Time for another quick round-up of various miscellany.
1. The Daily Mail says it looks like Steven Spielberg and Peter Jackson may have found their Tintin — and the lucky guy who may be playing the plucky young Belgian reporter is 17-year-old British actor Thomas Sangster. If Sangster is in this film, can Colin Firth — his co-star in Love Actually (2003), Nanny McPhee (2005) and The Last Legion (2007) — be far behind?
2. Evolutionary scientists crashed a screening of Expelled: No Intelligence Allowed last night — or rather, one of them tried to, while the other succeeded. While the movie was still playing, PZ Myers wrote a blog post explaining how he was, uh, expelled from the line-up outside the theatre; and after the movie was over, Stuart Blessman sent my friend Jeffrey Overstreet an account of how Richard Dawkins did get into the theatre and announced his presence during the Q&A; that followed the movie. Expelled co-writer Kevin Miller responds to all the hubbub:
Incidents like this make me want to hug PZ. He and his peanut gallery have been lighting up switchboards (not to mention my blog) across the web with their cries of outrage. They’re the best PR team a guy could wish for. Keep up the good work!
UPDATE: PZ Myers responds to Blessman’s version of the story.
3. One of the better new films I’ve seen so far this year is The Bank Job. It’s based on a mysterious true story, though how much of it is truly based on fact and how much of it is conjecture and fill-the-gaps dramatization is open to question. Thankfully, several websites have tried to sort at least some fact from fiction.
My favorite so far is this article in the Daily Mail — mainly because it includes this audio file of the robbery in progress, recorded by a ham radio operator who happened to overhear part of the walkie- talkie communication between the thieves and their lookout! That would make a very cool DVD feature, especially if it came with subtitles for those of us who can’t quite make out all the words.
Apart from that, you can also check out a story that appeared in The Observer one year ago, when the film was being made, as well as some of the more recent items that have appeared in the Daily Telegraph, Daily Mail, and the Chicago Reader‘s ‘On Film‘ blog. Plus, of course, there are Wikipedia and the film’s official website.
4. Christian Bale recently spoke to Entertainment Weekly about his work in The Dark Knight — he says he “would like very much to complete a trilogy” of Batman films — and said very little about his upcoming role as John Connor in the next round of Terminator films. As one who took part in a roundtable interview with Bale a few years ago, I can just hear his voice as I read this transcript.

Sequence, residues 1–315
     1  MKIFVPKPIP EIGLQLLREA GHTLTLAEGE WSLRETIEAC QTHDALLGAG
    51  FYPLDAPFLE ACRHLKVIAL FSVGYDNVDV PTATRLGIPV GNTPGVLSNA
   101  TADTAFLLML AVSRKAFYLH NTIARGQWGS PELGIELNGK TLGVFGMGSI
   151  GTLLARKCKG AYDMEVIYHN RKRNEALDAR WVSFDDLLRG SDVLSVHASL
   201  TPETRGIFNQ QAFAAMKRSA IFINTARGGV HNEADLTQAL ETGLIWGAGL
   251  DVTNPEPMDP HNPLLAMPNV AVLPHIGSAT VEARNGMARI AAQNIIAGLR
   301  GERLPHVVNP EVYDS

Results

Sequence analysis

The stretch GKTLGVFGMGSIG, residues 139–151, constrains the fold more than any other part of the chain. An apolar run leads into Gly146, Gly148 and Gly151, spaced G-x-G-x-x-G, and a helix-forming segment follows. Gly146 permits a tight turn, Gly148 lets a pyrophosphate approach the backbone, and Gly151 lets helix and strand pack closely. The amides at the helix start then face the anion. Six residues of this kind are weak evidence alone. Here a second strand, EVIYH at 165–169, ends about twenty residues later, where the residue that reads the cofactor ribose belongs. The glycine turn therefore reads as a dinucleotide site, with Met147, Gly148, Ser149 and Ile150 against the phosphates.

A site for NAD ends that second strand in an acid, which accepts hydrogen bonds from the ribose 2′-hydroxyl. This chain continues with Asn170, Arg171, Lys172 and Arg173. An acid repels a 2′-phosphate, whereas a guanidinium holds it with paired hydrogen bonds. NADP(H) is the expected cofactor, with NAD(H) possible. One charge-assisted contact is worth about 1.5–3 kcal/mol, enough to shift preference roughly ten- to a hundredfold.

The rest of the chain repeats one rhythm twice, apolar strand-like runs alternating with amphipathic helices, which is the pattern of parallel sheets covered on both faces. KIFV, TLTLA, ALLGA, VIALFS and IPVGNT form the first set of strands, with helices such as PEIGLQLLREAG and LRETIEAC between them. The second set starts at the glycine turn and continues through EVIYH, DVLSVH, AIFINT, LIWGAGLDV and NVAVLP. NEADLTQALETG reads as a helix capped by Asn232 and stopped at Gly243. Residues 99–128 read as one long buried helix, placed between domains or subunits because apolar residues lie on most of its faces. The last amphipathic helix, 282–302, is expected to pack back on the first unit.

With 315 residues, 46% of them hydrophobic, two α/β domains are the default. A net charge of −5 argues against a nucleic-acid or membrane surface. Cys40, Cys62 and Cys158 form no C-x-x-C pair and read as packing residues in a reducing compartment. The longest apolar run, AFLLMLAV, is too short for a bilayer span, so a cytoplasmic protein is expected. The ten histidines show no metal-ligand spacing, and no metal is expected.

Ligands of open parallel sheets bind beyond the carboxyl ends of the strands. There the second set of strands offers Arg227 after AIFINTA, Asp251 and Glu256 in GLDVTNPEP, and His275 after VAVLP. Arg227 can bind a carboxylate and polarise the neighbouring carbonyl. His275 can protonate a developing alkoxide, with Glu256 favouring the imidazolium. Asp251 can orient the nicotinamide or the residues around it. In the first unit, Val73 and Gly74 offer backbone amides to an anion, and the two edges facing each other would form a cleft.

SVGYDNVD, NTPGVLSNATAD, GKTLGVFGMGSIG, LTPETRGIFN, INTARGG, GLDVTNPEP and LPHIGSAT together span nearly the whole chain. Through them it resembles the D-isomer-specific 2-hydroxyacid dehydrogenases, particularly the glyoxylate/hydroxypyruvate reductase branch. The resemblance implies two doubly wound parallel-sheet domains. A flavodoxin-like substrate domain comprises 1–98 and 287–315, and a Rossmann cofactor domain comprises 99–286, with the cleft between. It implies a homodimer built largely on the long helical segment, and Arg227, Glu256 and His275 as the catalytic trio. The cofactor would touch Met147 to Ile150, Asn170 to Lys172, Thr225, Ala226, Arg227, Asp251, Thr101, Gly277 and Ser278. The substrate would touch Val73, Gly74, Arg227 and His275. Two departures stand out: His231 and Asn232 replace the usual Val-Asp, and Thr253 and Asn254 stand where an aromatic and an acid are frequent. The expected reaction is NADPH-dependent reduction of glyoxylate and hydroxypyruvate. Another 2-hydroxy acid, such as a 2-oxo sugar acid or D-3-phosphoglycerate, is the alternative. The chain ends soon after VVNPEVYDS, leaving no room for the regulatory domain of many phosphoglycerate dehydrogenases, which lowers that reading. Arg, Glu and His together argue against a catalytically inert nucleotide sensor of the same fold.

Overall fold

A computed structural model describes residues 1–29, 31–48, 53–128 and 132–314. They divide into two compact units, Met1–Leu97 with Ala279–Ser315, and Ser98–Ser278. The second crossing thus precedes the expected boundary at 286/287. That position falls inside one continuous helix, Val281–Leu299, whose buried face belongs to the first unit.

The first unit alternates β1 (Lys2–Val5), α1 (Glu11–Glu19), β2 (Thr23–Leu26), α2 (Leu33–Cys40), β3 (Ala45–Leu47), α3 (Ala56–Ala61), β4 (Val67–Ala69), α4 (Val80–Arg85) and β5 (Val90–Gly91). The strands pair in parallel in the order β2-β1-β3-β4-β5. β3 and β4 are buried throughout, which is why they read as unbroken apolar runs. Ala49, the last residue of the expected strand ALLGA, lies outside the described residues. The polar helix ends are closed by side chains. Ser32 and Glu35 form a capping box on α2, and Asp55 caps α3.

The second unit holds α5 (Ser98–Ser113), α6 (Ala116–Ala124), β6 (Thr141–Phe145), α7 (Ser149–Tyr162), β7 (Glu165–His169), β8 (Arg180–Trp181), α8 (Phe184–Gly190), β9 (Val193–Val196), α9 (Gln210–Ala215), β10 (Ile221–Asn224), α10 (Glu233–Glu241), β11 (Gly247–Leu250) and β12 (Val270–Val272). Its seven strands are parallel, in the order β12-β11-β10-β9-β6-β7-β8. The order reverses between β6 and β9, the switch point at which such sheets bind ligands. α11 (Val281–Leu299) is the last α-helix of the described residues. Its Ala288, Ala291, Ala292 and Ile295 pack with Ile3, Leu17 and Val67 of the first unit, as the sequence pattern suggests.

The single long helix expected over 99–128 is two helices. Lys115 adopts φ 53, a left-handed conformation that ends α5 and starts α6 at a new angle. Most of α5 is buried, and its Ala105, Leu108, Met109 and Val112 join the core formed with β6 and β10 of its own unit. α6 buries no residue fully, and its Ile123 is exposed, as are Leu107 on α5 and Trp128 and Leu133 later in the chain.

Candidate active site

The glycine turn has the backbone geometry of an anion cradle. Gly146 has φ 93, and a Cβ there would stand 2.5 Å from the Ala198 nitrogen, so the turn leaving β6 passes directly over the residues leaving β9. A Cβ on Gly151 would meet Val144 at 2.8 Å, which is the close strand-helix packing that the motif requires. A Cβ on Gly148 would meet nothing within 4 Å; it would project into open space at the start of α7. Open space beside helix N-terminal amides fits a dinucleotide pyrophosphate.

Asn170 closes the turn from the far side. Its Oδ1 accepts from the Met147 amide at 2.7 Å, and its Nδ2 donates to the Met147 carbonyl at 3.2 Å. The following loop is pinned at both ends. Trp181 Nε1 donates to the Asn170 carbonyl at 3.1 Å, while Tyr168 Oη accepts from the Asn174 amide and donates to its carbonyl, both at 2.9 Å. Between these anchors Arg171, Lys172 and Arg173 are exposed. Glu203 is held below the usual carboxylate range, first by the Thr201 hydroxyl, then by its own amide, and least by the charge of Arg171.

Still, DEFINITELY MAYBE is notable for two firsts in current movies. First, it’s an exercise in 90s nostalgia, and not nearly as didactic as I’d feared when the plot makes Reynolds a volunteer with Bill Clinton’s 1992 presidential campaign. BTW, this is one of those movies that takes place over 15 years and nobody ages noticeably. But nostalgia for a decade that I was already an adult when it began? I feel old.
Second and far more interestingly, like all movies now, DEFINITELY MAYBE takes place in the routine-divorce culture. That can’t not affect the romantic comedy genre, and I alluded to one of the ways here last year. But still, never have I seen in a conventional romantic-comedy, a child spend the movie’s last reel trying to get her father back together — not with her mother — but an old girlfriend whom the child had never met. And not because her mother is abusive or somehow “out of the picture.” Now, we consider divorce so routine (a reason for the one in this movie is never even hinted at, as if there’s no need) that we consider it an acceptable fantasy for a child of divorce to express, not the natural wish about her parents, but about a step-parent. If there’s been a conventional romantic-comedy with that rather self-rationalizing-for-adults premise (”it’s what the kids WANT”) — I’m unaware of it.
Re: the bit about feeling old. I know exactly what he means.
6. FilmStew.com says Bishop Mark Tolbert of the Victorious Life Church in Kansas City, Missouri has taken an unusual approach to sex education … by producing a feature-length movie called Secrets. Tolbert told the Kansas City Star he would like to see the admittedly amateur-based film get picked up for nationwide distribution or even for a remake, ideally by, uh, Tyler Perry.
7. IGN.com reports that Bob and Harvey Weinstein want their new DVD label, the Miriam Collection, to “compete” with the Criterion Collection and other labels that produce lavish “collector’s editions” of classic films. Well, they’re nothing if not ambitious — and as one who watched their new two-disc edition of El Cid (1961) just last month, I’d say they’re off to a decent start, at least.